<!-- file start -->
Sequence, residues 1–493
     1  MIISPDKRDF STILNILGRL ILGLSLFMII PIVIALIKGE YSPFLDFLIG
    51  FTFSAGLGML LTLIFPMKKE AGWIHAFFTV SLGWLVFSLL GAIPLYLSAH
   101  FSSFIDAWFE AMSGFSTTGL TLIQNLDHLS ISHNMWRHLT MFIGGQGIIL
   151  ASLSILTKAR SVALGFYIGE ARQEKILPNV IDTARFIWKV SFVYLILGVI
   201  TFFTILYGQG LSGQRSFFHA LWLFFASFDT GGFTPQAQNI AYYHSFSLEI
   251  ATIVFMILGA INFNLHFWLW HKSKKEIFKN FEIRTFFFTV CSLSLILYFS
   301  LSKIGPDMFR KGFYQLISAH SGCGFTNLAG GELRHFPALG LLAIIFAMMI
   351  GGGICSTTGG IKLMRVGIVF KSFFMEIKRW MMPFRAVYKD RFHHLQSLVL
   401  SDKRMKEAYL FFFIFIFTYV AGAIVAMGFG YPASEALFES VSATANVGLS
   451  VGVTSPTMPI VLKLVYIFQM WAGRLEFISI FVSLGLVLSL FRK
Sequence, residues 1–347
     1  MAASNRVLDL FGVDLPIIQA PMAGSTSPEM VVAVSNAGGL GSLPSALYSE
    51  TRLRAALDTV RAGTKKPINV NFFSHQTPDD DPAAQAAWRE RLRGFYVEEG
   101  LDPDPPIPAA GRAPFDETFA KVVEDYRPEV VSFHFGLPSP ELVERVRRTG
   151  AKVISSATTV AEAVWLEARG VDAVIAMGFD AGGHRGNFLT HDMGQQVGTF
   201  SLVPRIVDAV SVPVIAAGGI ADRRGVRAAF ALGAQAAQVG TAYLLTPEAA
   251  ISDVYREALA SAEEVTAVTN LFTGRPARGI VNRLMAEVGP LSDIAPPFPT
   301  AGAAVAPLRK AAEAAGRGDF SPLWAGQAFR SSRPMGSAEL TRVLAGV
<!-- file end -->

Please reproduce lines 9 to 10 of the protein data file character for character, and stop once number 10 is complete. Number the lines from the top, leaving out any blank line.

   351  GGGICSTTGG IKLMRVGIVF KSFFMEIKRW MMPFRAVYKD RFHHLQSLVL
   401  SDKRMKEAYL FFFIFIFTYV AGAIVAMGFG YPASEALFES VSATANVGLS